Miscalibrated Internet Receptor Stalks

Rebellion buys comics treasure trove

Oxford based Games Developer and 2000AD publisher Rebellion has bought an treasure trove of British comic titles from TI Media (previously known as Time Inc). Material includes the original comic weekly Comic Cuts, launched by Daily Mail founder Alfred Harmsworth in 1890, Robot Archie, Billy Bunter, Sexton Blake, the Jerry Siegel Spider, and The Trigan Empire. It includes work by the likes of Alex Toth, Hugo Pratt, Harry Harrison and Michael Moorcock.


Rebellion has secured the complete comics and story paper rights to the archive of TI Media, published when the company was known as IPC. The deal encompasses more than 130 years of comic book publishing, with over 400 separate weekly and monthly titles and thousands of characters.

From Billy Bunter to June, from Tiger to Sexton Blake, from Valiant to Look-In, this vast addition to its existing archive establishes Rebellion, which already publishes the legendary British comics 2000 AD and Roy of the Rovers, as the custodian of both the vast majority of British comic book history and a priceless cultural treasure.

Jason Kingsley CEO of Rebellion says, “Rebellion’s reputation is not just as an innovative and forward thinking comic book publisher, but as the first company to respect and do justice to the extraordinary legacy of multiple generations of artists and writers who developed the comic book medium in this country. It gives me great pleasure to secure the future for this extraordinary archive and I am incredibly excited to able to bring back into print so many lost treasures.”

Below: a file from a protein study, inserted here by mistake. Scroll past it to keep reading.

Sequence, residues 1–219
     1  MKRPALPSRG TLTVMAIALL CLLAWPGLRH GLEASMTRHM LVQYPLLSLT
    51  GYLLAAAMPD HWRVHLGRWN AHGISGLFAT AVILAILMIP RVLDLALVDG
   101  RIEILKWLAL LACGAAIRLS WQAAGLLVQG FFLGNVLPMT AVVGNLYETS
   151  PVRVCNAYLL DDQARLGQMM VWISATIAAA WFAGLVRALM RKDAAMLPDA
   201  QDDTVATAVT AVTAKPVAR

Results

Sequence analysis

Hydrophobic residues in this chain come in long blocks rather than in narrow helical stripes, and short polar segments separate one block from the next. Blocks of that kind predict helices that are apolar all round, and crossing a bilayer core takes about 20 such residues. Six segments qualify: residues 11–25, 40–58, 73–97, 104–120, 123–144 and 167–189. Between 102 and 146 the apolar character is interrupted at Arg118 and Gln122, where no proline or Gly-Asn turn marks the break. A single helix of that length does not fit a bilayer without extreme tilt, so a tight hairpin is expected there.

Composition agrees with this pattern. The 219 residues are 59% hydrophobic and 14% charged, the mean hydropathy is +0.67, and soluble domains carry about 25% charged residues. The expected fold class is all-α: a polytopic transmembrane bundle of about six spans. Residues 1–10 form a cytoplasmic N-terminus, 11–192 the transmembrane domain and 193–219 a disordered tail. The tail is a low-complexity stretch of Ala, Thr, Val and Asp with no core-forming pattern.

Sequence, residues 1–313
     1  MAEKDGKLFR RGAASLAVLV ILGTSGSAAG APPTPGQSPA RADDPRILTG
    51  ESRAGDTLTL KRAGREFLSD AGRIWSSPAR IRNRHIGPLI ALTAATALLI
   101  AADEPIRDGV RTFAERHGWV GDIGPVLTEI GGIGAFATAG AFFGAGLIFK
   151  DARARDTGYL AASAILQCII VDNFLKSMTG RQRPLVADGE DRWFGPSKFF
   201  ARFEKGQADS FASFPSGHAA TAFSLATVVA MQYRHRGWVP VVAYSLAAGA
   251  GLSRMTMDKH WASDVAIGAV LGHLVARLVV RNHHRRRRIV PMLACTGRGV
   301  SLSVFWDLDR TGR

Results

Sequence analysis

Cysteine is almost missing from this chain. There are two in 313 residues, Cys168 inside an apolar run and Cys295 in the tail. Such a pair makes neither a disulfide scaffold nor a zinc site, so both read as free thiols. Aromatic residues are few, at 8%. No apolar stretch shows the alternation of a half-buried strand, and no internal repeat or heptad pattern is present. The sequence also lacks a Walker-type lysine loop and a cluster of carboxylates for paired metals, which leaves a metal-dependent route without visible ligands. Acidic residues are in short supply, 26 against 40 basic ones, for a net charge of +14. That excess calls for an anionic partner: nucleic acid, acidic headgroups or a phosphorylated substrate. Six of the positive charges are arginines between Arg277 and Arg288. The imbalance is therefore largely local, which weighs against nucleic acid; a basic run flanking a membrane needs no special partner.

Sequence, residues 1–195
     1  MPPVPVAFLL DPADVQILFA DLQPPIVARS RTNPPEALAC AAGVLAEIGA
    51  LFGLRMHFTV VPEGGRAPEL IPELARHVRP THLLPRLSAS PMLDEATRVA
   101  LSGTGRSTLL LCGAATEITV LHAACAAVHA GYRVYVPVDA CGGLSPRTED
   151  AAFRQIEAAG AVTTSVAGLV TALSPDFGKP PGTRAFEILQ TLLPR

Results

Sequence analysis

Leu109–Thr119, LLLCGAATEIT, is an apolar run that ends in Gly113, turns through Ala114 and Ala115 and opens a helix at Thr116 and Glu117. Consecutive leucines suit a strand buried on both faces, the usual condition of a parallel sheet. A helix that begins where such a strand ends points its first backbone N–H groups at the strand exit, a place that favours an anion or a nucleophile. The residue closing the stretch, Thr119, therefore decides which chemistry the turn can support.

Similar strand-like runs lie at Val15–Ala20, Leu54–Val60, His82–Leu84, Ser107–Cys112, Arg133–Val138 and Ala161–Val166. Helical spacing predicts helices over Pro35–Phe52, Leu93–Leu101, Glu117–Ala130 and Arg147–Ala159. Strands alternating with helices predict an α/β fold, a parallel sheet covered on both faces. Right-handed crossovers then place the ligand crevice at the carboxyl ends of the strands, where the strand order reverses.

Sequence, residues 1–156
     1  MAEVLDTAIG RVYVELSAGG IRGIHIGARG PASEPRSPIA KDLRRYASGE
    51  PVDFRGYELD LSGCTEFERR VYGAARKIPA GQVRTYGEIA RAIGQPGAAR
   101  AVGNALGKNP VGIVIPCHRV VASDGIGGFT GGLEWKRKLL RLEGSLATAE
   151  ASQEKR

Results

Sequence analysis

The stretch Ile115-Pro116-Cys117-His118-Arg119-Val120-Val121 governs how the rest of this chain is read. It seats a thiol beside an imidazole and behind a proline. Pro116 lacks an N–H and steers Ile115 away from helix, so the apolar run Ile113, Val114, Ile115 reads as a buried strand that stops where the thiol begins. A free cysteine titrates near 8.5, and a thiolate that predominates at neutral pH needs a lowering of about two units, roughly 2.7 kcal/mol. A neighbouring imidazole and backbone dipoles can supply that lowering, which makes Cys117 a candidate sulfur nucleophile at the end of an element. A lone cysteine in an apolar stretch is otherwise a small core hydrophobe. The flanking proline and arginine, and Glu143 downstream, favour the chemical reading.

The archive encompasses virtually the entire comics publishing history of IPC, which – alongside DC Thompson – was one of the behemoths of 20th Century British periodical publishing, having grown out of the Victorian-era Amalgamated Press. They hoovered up many rival companies such as Odhams Press and City Magazines during the Sixties.

Publishing hundreds of different titles, IPC dominated the newsstands for decades but sold off its juvenile magazines division to tycoon Robert Maxwell in 1987. The new company, Fleetway, was sold to Danish children’s magazine and book publisher Egmont in 1992 but a marked decline in the industry led to virtually all the titles folding, apart from the weekly comic 2000 AD and the monthly Judge Dredd Megazine. These were acquired by Rebellion in the year 2000, which then acquired the rest of the Fleetway archive in 2016, and have now been reunited with the huge number titles IPC Magazines retained in 1987 (with the exception of the 1980s Eagle).


If Rebellion can give us a Trigan Empire collection that doesn’t involve surrendering limbs or major organs to purchase it, I will be a happy bunny. Vulcan 2019 anyone?


Share This Story